Hawaii Volcano Kilauea: Mayor Responds After His Home Is Devoured by Lava

Harry Kim lost his second home in the eruption.


Hawaii’s Kilauea volcano eruption has claimed a home owned by Hawaii County mayor Harry Kim, officials confirmed to Inverse on Tuesday. The ongoing lava flow, moving in a fast and erratic manner as it moves past its first month, has been spurred by strong earthquake activity in the area, with lava creating new land and wiping away Kapoho Bay in the process.

Kim’s office confirmed to Inverse that the volcano destroyed the mayor’s second home, located in Vacationland. The volcano first erupted on May 3, and geological activity has produced lava ever since. A 6.9 magnitude earthquake hit the island of Puna just one day after the first eruption, and further activity in the following weeks sent ash around 30,000 feet into the air. At a meeting with residents at Pahoa High on Tuesday evening, Kim said: “In the darkest of times I ask you to stick with us. Together, all of us, as a community. We have the will, we will make it better. Hang in people, we’ll get it done.”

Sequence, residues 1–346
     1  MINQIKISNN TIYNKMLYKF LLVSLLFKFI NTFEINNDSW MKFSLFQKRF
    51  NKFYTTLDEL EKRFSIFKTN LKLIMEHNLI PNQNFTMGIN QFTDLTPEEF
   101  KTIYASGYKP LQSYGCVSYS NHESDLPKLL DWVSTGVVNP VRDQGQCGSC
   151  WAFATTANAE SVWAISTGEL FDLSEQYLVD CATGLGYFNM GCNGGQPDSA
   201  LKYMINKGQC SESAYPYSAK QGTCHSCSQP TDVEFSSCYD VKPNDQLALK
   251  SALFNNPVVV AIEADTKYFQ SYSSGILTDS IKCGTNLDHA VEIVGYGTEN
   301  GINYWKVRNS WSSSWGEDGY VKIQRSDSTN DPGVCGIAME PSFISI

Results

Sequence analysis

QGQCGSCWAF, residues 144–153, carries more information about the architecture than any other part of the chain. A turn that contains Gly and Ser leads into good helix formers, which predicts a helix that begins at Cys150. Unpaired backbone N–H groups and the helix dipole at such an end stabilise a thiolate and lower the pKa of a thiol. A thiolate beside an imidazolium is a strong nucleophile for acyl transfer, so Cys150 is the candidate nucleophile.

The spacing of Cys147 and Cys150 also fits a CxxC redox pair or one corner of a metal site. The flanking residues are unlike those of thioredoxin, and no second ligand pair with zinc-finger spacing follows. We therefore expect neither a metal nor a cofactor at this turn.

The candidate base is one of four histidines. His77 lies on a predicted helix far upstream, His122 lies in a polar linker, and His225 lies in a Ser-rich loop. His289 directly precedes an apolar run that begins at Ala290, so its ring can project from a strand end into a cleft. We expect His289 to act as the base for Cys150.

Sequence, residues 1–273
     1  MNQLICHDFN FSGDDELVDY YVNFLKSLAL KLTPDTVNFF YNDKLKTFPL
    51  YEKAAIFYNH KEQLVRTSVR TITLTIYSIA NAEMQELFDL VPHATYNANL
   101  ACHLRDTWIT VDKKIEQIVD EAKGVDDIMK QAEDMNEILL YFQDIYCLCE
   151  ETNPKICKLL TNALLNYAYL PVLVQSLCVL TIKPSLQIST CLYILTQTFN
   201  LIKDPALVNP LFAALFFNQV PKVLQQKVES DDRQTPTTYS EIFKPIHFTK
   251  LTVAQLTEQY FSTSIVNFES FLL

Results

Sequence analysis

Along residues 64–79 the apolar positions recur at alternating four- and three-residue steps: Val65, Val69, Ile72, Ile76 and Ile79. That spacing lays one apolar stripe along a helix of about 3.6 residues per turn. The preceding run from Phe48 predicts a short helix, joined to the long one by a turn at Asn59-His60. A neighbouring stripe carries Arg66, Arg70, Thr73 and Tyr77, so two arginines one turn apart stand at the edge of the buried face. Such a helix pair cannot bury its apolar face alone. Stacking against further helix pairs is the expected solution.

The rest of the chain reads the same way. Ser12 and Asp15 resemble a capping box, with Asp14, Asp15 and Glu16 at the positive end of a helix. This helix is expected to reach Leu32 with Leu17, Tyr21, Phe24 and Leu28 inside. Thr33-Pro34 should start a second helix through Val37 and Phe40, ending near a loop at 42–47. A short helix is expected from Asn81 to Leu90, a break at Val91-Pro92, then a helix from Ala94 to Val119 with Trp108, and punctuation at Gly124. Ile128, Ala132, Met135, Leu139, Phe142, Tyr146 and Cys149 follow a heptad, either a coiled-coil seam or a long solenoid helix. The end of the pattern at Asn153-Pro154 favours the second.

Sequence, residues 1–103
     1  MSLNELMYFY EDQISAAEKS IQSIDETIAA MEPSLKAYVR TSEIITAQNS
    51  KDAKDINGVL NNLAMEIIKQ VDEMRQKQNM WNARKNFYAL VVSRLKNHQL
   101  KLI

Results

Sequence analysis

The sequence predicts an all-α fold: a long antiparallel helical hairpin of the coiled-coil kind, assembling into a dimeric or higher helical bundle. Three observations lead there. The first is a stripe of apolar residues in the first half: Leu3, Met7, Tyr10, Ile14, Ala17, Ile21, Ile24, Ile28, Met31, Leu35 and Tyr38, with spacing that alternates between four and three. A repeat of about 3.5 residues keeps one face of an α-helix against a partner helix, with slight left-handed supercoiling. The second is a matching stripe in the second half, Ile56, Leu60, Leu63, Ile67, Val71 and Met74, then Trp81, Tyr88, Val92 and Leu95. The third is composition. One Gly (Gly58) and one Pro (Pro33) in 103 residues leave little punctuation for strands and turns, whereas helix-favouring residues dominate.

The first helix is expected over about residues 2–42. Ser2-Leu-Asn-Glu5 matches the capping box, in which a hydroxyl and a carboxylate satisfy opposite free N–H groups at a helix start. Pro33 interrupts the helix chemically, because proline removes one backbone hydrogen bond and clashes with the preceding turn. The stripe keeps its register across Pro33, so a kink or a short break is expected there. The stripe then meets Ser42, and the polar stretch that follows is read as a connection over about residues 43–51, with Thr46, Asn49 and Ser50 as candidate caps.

The eruption has stunned experts ever since its beginning. Officials from the U.S. Geological Survey claimed that the eighth and most recent fissure is the most powerful, while scientist Wendy Stovall claimed last week the lava was reaching its hottest temperatures. Stovall told reporters that “we are pretty much tapping mantle temperatures right now,” a layer of the Earth that can reach temperatures of up to 2,570 degrees Fahrenheit.

“It’s incredibly saddening,” Jason Hills, whose father lives in Kapoho, told HawaiiNewsNow. “Kapoho was one of the last special places along that entire coastline. Kapoho Bay was just a little calm water gem where people could play, swim, hang out in the tide pools. It was green and beautiful, great tradewinds, and now it’s just a big hunk of lava rock.”

The summit area of Kilauea was rocked by 500 quakes over a period of just 24 hours over the weekend, and experts are still unclear what happens next. Brian Shiro, a supervisory geophysicist at the USGS Hawaiian Volcano Observatory, said that the quakes were the highest rates ever measured at the summit.

As the recovery effort is underway, experts claimed on Monday that aftershocks may continue.